Sibiu sausages

Sibiu salami, in Romania known as salam de Sibiu is a Romanian deli made with pork's meat, pork's fat, salt and condiments.


In 1885, an Italian named Filippo Dozzi emigrated to Romania to work as a bricklayer. Filippo Dozzi moved with his wife near Piatra Arsa's quarry in the former village of Poiana Ţapului.[1]

Besides being a bricklayer, Dozzi Filippo had also a passion for sausages. Filippo Dozzi notes that weather conditions of Sinaia are favorable for the production of dry sausages. In 1910, he decided to buy a building in Sinaia that housed a restaurant, a wine cellar and a hotel, where he founded his company called Întreprinderea Individuală Filippo Dozzi. Production of Sibiu sausages starts and became quickly a success and a luxury product. Dozza Filippo began selling his sausage under the name of salam de iarnă (winter salami) and in exports in the Austro-Hungarian Empire, was affixed a stamp "Customs of Sibiu". Thus, the product was known as salam de Sibiu. The name winter salami is used only in Romania, and Hungary, though the 'winter salami' in Hungary is different than the Sibiu Salami.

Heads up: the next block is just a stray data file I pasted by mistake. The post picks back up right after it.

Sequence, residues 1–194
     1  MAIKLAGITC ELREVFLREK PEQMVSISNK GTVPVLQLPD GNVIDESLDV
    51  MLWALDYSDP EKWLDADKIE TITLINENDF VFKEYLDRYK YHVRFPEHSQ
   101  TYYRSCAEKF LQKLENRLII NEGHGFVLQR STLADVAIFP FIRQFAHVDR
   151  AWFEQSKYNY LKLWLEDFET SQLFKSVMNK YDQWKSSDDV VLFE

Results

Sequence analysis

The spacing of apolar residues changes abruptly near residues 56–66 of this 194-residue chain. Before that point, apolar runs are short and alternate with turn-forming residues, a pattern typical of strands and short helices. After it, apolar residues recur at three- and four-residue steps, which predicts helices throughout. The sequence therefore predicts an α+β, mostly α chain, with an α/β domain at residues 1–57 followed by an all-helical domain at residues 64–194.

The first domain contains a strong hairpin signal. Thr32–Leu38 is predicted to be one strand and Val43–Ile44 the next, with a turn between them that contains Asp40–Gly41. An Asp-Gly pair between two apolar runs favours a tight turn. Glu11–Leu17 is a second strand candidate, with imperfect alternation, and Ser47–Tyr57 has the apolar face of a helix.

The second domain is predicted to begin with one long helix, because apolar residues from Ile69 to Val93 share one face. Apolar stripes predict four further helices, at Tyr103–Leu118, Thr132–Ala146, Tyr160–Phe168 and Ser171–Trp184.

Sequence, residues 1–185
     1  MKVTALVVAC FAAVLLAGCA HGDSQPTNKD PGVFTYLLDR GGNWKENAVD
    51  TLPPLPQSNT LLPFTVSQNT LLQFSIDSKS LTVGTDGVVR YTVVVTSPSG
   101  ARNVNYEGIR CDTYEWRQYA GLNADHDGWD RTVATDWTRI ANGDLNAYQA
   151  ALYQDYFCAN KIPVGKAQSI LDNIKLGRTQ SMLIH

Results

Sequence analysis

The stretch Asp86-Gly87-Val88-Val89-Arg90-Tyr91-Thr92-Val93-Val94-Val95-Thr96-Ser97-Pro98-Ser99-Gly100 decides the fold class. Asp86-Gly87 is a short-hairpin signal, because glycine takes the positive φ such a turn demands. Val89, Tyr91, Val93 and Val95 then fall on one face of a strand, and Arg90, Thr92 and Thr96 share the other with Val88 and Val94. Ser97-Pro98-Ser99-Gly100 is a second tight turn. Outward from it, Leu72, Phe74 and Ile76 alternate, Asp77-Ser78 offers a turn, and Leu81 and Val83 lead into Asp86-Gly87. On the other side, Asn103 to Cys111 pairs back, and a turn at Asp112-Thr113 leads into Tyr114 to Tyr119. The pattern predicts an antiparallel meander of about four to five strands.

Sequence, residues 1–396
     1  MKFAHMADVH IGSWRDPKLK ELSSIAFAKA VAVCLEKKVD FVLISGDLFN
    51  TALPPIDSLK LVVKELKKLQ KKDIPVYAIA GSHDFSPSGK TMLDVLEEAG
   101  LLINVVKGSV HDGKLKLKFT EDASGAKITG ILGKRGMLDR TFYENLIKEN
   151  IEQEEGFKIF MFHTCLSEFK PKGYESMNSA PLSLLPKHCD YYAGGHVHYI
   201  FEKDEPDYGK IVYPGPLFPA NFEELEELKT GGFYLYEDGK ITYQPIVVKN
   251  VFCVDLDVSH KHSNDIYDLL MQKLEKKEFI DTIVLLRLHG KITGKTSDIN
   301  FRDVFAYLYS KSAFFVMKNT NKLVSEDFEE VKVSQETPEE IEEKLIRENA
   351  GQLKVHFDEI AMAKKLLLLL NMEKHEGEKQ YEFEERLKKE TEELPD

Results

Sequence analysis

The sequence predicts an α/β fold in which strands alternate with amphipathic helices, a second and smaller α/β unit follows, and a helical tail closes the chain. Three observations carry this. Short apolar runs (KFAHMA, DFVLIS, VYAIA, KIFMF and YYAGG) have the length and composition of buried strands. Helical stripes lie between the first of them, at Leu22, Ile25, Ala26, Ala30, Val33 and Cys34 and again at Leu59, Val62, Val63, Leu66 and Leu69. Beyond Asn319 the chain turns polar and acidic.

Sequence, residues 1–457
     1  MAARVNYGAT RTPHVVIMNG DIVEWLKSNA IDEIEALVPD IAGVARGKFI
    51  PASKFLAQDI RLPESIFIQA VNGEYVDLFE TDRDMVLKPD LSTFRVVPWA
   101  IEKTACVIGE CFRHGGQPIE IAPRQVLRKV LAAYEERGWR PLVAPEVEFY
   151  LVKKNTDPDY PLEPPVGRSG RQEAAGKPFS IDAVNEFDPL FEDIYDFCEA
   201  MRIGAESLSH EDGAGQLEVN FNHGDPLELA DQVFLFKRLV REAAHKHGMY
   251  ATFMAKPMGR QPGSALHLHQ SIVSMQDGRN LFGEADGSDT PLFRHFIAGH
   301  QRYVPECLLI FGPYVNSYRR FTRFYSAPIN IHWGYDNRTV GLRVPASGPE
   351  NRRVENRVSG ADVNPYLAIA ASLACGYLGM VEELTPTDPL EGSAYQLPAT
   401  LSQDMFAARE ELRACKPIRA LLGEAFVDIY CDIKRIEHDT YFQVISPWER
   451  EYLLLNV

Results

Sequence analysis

After his death in 1943, Filippo Dozzi confided to his son, Giuseppe Antonio Dozzi, the secret of Sibiu sausages. He continued the work of his father until the nationalization of the company by the State.

In 1948, the Communist government nationalized the company. The company production reached 120 tons per year and employs between 40-50 employees. The company is renowned Întreprinderea pentru Industrializarea Cărnii (factory for the meat industry).

In 1963, the Scandia factory has registered the trademark Sibiu sausages. And in the 1970s, the recipe was improved by the Transylvanian Saxons.[2]

See also

Notes and references

  1. "Istoria Salamului de Sibiu". Sibiu salami. External link in |work= (help)
  2. "Gourmet Salami du Sibiu, 425g". Cicorico (in Romanian). External link in |work= (help)
This article is issued from Wikipedia. The text is licensed under Creative Commons - Attribution - Sharealike. Additional terms may apply for the media files.